Saturday, February 9, 2008

Laurie Capps is rad

So, I've been doing this poem a day thing - literally, churning out a poem a day - with this group of poets via email. It's been good for me. Though the poems I've been sending haven't exactly been awe-inspiring work, it is forcing me to "produce" so to speak. So far the best part of this experience has been the introduction to Laurie Capps who is a fellow poem-a-dayer and whose work is really, really amazing. I sent her an email fawning over her poems and it turns out she's pretty cool, too (though weirdly obsessed with food). Anyway, I scouted the Internets to see if she had any work I could post here and this is the only poem I could find. I don't know when it was written or published, only that I found it on The Pedestal Magazine Web site. Remember this lady's name because she's going to be HUGE (this is not a reference to her food obsession, but a reference to her being the first poet of our generation to actually have groupies. Who bring her pies).

Cousin Gideon

Still possessing the ghost-blonde hair and smoke-blue eyes
I always longed to own, he rides back to me this autumn,
as I’m staring through the sweet gum trees, as I’m mapping
the wrens pinned tight on their branches, trying to recall

their early summer song. Standing in pine straw tossed
in shattered gold, I hear his bicycle working over the gravel,
rocks popping against his sneakers, the pebbles falling
into the cuffs of his blue jeans. Just beyond the fence,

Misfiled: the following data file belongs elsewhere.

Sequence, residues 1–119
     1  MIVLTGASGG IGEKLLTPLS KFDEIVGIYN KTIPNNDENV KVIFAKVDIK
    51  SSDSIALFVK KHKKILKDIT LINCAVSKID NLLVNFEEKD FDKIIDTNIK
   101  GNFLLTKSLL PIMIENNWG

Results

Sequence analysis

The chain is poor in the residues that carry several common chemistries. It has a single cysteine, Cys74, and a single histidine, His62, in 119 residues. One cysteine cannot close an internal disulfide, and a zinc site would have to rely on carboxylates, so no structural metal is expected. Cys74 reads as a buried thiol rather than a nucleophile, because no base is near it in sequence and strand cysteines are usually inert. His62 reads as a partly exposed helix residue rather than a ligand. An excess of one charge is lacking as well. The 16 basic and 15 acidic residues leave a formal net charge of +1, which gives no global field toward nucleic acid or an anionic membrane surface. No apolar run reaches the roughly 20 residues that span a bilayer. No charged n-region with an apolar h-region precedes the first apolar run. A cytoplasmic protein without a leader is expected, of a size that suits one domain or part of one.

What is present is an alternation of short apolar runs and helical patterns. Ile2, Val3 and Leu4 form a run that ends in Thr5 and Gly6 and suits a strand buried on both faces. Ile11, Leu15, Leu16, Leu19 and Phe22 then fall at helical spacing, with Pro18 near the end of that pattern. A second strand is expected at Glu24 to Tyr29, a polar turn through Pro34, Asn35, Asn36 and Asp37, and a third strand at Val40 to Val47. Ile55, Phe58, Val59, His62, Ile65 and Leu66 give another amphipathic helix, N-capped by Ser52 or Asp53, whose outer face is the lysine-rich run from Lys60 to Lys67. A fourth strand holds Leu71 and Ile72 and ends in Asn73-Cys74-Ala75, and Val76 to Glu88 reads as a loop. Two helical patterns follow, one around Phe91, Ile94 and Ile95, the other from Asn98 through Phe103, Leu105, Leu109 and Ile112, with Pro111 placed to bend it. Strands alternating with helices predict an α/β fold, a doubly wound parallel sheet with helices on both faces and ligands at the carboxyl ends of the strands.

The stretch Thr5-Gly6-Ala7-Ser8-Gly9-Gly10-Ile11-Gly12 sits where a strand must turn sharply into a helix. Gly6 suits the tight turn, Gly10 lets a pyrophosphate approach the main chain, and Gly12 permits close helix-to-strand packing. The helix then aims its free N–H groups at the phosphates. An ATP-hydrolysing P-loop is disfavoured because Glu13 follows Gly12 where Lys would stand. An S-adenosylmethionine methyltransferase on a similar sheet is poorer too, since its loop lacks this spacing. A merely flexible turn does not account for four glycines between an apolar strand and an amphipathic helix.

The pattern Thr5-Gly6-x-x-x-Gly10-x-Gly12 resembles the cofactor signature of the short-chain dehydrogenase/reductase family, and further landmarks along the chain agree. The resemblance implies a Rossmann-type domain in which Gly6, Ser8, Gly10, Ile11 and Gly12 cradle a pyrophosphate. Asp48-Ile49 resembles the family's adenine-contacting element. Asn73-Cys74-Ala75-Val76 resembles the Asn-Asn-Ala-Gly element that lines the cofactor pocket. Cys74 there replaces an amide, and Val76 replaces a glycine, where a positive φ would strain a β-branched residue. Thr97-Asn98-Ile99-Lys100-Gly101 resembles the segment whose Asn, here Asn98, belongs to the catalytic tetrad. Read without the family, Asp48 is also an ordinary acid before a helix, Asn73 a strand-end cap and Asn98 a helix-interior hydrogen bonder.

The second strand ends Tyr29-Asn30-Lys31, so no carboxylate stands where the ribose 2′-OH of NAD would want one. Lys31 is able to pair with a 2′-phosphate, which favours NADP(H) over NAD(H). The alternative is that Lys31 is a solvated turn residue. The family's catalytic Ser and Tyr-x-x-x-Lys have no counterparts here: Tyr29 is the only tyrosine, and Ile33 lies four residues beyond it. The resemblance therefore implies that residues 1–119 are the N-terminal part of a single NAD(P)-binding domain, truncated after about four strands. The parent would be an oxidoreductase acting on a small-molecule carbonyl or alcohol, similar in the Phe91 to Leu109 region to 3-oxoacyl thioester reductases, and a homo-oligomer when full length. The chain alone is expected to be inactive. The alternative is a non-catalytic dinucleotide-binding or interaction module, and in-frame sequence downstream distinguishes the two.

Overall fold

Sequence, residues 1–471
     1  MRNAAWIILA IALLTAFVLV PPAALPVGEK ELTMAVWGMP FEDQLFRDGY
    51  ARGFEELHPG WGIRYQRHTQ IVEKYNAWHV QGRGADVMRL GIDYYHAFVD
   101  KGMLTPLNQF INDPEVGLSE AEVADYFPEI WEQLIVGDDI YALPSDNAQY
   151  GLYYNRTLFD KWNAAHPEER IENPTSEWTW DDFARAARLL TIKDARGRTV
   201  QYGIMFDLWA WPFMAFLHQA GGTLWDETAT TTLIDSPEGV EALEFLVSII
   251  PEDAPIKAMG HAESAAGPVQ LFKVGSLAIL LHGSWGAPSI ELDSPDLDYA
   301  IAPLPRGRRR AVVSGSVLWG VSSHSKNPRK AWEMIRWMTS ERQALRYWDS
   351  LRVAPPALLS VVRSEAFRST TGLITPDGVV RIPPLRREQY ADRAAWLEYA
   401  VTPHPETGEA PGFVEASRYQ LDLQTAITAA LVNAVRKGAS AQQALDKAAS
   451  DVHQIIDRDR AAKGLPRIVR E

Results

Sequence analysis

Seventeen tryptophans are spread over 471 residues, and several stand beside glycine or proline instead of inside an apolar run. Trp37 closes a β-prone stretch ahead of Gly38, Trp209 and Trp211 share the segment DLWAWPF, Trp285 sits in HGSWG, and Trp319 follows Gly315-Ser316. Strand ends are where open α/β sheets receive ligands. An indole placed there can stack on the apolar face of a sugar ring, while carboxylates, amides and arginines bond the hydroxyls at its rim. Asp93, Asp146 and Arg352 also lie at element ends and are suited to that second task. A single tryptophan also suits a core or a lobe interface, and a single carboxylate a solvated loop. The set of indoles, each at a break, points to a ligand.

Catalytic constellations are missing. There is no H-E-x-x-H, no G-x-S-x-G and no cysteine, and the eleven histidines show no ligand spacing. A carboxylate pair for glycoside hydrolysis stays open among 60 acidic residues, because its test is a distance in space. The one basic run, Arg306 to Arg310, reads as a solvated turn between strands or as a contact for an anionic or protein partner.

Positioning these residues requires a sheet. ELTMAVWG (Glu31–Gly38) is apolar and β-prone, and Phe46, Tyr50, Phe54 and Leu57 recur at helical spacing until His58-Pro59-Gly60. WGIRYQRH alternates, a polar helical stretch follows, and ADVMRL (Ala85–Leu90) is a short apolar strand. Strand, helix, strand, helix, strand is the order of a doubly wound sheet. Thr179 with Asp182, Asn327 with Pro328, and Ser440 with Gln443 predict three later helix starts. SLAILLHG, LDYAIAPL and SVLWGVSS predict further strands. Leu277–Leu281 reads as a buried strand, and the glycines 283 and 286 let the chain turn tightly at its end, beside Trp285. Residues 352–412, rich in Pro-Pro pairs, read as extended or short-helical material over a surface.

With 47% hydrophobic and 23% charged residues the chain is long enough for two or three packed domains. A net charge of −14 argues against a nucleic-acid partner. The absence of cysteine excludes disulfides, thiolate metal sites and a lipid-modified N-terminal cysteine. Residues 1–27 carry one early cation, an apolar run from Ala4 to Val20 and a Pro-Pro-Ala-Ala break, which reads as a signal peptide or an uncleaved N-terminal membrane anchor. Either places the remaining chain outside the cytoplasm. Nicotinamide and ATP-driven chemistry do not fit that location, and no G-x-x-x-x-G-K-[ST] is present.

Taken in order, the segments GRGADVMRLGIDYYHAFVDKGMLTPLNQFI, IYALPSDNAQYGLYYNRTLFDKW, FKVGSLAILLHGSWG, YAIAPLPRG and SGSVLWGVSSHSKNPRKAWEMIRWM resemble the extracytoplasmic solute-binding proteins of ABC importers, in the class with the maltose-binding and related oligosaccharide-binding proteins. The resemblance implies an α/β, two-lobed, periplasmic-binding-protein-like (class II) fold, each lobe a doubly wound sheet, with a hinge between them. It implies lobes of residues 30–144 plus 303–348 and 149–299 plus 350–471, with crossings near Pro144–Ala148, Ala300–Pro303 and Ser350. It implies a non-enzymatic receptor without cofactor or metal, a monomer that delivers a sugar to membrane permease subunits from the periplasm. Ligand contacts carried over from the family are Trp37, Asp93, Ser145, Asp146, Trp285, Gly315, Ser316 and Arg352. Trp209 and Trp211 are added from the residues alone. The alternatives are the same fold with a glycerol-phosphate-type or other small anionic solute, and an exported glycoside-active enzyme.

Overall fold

where the blackberries twisted in August, he stays and waits
as I consider that summer day we met, twenty years ago.
Where we left the adults clustered tight inside, and he led me out
into a day clear as fresh glass. Over the railroad bridge, down

along the damp sand framing the river. Riding through
the silver oat grass, his head craning back to gauge me
as I fell behind. As I am falling behind now, as one of us
always must. I reach for a pinecone to throw into the yellow-

star leaves, and as the warblers toss up into the air, the vines
are empty, he is gone. Perhaps poured out with the birdbath’s
old water, in whispers against the clay. Or back down the drive,
though the gravel never shifts. I go inside and stand behind

the windows to watch the chickadees dip into the empty basin,
my hands tracing through dust on the sill. The day peeling away
from the gum leaves, the pine straw sinking slowly down
to copper. Everything folding back to what it is, now.

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